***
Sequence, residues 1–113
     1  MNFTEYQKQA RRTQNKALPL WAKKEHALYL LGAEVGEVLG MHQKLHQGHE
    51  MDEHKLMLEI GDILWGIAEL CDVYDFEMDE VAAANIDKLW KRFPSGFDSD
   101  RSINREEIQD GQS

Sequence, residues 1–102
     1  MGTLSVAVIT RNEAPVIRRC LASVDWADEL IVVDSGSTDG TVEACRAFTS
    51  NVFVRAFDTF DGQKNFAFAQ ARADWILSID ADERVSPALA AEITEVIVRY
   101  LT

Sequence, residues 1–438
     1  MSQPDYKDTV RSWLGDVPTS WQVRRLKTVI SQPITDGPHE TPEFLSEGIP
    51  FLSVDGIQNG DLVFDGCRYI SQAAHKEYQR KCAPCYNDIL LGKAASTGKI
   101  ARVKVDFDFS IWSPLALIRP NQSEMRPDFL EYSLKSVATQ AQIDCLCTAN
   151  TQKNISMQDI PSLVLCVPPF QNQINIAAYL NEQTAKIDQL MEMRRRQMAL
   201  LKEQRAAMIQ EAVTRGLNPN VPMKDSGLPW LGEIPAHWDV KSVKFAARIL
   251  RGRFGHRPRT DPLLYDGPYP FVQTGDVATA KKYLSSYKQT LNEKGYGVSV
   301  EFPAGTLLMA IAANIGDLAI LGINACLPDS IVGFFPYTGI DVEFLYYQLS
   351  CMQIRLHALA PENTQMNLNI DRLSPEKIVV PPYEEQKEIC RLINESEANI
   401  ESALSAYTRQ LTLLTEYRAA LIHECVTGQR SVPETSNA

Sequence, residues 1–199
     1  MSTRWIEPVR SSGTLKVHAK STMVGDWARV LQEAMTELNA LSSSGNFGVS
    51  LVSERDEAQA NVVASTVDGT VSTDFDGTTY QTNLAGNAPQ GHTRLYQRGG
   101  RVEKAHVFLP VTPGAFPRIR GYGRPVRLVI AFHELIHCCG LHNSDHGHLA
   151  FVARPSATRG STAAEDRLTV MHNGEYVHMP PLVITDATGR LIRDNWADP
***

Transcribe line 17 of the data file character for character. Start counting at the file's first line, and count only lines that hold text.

   351  CMQIRLHALA PENTQMNLNI DRLSPEKIVV PPYEEQKEIC RLINESEANI